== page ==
Late yesterday, Baxter International ordered a full-scale recall on the blood thinner Heparin. Up to 21 people now may have died and hundreds have suffered adverse reactions from the Baxter made product. A recall was put off until now, due to concerns over a shortage.
FDA officials said at a news conference yesterday that they had inspected the Chinese facility that provided the active ingredient to Baxter, although things are still unclear:
Among the potential problems they found was a failure to properly follow the steps for identifying impurities and deficiencies related to manufacturing equipment. According to a redacted inspection report released by the agency, the SPL plant appeared to have made at least some heparin with “material from an unacceptable workshop vendor.” The vendor was not identified.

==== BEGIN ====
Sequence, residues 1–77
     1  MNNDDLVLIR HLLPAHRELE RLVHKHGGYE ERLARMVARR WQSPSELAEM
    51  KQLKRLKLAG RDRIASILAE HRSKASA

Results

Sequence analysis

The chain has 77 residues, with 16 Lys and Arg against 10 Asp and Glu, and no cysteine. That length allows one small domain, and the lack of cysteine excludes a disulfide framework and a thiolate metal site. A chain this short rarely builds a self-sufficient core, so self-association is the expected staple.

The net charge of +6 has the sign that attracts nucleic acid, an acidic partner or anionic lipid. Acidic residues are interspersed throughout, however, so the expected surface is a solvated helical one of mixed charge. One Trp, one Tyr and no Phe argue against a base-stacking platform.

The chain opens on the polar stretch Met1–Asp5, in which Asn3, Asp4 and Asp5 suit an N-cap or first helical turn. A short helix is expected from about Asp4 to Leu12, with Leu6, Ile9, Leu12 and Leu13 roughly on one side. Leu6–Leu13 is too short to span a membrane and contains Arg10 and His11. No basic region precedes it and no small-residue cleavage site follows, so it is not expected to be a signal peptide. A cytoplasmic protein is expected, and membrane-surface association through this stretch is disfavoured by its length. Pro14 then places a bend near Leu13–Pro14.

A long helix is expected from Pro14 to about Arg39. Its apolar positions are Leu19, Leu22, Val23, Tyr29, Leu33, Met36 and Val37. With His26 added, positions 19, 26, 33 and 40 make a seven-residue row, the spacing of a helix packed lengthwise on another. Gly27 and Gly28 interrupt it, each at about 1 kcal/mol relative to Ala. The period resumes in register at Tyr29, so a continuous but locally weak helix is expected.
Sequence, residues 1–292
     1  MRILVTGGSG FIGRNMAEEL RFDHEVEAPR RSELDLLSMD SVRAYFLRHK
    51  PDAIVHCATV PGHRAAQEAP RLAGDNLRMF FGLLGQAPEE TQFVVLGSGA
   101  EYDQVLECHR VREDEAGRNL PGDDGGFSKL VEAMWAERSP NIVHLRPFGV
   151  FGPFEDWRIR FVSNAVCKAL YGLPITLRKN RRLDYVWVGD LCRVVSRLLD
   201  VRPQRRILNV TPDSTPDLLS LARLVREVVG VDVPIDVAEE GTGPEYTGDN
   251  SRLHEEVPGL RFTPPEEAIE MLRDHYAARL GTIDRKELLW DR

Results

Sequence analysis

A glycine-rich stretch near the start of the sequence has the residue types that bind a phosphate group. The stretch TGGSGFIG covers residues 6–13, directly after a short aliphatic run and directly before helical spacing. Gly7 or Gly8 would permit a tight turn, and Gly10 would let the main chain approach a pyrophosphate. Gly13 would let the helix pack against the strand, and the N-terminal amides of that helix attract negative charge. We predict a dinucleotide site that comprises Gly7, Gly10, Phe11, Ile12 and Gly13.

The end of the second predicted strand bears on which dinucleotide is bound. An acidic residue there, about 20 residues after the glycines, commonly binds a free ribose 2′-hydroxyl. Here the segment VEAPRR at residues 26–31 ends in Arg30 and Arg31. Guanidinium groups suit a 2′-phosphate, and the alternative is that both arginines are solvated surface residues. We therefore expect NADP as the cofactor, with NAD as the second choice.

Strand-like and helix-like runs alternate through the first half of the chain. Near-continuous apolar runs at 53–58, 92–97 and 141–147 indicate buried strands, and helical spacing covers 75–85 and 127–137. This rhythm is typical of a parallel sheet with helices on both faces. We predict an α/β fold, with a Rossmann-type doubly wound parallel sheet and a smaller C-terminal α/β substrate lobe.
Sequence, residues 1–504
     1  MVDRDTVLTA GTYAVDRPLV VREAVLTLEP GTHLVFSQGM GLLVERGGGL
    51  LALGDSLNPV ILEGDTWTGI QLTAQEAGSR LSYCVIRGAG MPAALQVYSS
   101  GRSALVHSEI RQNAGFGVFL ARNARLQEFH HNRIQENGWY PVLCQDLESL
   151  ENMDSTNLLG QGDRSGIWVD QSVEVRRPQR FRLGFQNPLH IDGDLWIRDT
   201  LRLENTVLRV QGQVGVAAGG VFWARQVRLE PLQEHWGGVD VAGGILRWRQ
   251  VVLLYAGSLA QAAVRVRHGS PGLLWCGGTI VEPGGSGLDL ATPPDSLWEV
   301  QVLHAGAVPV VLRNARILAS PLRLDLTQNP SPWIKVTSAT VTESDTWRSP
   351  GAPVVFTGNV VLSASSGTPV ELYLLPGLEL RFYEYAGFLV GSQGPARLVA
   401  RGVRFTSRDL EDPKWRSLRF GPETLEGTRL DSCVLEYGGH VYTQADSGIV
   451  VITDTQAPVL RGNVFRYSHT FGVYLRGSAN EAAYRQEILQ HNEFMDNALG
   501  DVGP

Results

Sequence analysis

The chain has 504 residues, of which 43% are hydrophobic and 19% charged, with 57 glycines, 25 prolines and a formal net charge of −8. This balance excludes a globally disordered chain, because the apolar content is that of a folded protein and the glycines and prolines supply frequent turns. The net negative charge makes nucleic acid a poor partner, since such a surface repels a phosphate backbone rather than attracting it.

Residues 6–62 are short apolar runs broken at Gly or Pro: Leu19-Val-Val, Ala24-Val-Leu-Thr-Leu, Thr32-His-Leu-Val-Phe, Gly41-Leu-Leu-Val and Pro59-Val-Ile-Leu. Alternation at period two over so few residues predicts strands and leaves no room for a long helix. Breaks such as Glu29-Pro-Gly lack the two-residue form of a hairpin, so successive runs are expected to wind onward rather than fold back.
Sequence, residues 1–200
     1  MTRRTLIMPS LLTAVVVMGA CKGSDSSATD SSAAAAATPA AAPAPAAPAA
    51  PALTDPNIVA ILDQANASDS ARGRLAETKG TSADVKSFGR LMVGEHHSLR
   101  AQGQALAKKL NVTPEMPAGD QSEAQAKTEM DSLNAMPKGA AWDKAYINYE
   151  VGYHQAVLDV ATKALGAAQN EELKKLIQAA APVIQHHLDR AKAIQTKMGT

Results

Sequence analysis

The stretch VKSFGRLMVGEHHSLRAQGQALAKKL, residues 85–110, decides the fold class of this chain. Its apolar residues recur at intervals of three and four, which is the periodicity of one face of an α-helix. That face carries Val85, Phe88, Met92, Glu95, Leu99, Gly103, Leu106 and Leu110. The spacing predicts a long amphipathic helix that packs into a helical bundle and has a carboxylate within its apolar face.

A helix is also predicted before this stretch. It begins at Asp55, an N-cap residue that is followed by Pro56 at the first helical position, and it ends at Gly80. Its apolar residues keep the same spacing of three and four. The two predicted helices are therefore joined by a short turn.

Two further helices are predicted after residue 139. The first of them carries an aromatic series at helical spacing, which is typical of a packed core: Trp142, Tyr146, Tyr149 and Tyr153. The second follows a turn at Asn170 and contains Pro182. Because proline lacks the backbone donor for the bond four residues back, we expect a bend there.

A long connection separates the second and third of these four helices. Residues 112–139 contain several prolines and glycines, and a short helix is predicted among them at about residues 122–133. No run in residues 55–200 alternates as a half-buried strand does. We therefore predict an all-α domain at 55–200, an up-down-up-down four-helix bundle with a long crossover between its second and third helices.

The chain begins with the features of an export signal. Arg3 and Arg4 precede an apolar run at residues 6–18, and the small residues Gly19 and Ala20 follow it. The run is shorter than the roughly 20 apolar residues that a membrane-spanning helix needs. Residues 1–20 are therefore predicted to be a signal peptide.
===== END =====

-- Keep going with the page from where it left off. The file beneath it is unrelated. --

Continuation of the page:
And this inspection came a little too late:
The F.D.A. admitted this month that it had violated its own policy by failing to inspect SPL, located west of Shanghai, before the factory began shipping the heparin ingredient to Baxter in 2004. China’s drug agency also did not inspect the plant.
Janet Woodcock, acting director of the FDA’s Center for Drug Evaluation and Research admitted to Congresswoman Rosa DeLauro (D-CT) at a hearing Wednesday that the FDA only inspects about 10% of the foreign facilities shipping drugs and ingredients into the US.